The preamble to the Declaration of Independence states a belief that the Creator has given us certain inalienable rights, including life, liberty, & the pursuit of happiness. Even if we haven’t been in a civics or government class in a while, we know, as Americans, these things are our birthright.
It’s interesting to me that Jefferson (& his editors) included the phrase “the pursuit of happiness” – & it makes me ask the questions, “What would it take for us to BE happy?” And “If I’m pursuing happiness, what does it look like when I CATCH it?”
Think about it: what would make you happy… for a long time? Think big. Winning the lottery? Being able to live in a tropical paradise? Your favorite sports team winning the Super Bowl/World Series/etc…?
It seems like that would do the trick – surprisingly, however, statistics say something different. For example, a study of lottery winners showed an initial spike in happiness immediately following their winning the big bucks. However, within 9-12 months of the win, lottery winners reported that they felt no more “happy” than they had before they won all the money.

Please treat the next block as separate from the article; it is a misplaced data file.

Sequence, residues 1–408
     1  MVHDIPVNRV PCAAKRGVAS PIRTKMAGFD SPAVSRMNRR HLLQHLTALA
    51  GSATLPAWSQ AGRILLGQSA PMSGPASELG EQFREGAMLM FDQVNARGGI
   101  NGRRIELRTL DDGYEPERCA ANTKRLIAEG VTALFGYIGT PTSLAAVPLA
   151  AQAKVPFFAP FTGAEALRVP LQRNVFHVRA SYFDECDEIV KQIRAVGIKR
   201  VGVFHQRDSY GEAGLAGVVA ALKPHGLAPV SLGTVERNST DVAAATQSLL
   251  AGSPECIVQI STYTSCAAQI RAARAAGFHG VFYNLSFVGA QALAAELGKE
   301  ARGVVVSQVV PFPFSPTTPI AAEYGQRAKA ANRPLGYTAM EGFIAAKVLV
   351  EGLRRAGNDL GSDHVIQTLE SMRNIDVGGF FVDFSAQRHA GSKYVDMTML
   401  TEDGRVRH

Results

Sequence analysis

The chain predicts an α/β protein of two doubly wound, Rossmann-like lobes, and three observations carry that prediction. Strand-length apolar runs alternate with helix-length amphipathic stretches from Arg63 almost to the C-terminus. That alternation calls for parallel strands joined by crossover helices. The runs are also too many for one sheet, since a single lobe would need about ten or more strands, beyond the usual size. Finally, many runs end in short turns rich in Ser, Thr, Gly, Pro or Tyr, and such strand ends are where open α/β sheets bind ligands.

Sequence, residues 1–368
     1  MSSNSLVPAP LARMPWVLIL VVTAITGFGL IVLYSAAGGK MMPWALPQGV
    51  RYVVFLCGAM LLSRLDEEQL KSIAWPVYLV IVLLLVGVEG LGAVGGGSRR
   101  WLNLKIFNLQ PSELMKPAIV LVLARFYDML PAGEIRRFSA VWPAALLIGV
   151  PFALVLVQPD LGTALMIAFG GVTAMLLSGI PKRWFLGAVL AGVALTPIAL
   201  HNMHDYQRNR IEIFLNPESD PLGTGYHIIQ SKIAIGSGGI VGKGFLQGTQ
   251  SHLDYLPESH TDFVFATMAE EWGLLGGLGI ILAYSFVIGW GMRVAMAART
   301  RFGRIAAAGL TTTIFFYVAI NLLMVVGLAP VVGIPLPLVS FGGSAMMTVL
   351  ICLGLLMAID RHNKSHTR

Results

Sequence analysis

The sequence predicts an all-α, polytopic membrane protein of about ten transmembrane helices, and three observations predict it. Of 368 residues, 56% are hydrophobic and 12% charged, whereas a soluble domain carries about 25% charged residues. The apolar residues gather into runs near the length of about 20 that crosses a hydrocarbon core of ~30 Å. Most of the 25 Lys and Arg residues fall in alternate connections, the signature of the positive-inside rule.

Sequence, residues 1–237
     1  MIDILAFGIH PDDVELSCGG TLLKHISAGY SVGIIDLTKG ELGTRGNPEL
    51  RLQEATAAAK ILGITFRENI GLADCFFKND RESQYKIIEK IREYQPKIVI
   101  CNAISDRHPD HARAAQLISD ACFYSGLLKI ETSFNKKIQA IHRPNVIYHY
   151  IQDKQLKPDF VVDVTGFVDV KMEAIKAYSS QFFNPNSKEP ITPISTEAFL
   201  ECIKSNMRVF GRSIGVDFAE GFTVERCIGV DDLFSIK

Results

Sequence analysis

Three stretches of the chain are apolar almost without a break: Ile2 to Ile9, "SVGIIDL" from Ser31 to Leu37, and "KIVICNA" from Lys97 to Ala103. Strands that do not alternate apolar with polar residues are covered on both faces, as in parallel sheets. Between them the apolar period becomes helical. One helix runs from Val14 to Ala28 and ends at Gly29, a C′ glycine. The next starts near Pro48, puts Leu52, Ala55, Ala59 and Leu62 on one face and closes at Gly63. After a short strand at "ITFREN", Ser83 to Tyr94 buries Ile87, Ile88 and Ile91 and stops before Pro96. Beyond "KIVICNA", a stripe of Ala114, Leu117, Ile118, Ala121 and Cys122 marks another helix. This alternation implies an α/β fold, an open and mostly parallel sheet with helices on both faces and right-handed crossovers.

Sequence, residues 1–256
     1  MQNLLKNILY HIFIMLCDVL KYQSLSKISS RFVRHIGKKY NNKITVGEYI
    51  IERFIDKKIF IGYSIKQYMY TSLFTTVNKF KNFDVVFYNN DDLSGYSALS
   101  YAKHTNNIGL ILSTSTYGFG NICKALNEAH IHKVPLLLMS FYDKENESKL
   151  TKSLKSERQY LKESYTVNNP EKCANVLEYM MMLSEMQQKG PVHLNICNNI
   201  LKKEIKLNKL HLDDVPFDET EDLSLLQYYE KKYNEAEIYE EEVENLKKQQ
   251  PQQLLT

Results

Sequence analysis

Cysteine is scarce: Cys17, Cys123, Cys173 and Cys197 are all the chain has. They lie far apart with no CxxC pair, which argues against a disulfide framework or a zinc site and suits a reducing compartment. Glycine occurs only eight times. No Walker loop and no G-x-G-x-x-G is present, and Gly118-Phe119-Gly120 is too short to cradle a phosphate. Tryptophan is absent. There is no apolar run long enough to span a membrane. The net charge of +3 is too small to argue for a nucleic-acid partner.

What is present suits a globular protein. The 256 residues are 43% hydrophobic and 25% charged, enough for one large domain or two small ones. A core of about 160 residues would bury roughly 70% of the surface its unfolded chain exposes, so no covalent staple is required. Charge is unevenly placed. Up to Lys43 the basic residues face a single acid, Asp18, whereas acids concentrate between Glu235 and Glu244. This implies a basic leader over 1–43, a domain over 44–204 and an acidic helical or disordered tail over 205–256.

People adapt to their life circumstances – & in order to “be happy” we need to do something/try something new. Which works for a while – until we adapt again. It’s like being on a “pursuit of happiness treadmill,” always chasing, but never quite attaining it permanently. (The scientific name for this phenomena is “the hedonic treadmill.” Read about it HERE.)
So what can a person do to increase their longer-lasting feelings of happiness? Again statistics reveal that people who regularly express gratitude & thankfulness to those in their lives have a significantly higher sense of happiness. I think that the reason for this is expressing gratitude involves being mindful of our life circumstances, & actively looking for the areas where we have been blessed, loved, & cared for. Check out this brief VIDEO for some really great info on the ‘gratitude/happiness’ corollation’
Over the next couple of weeks at Hillside, we’ll be in a series called, “The Gratitude Experiment.” I’d like to encourage you to take time to write some lists of the people, places, & things that you are thankful for. Then, write a brief note to/call the people in your life that you’re thankful for & blessed by & share that with them.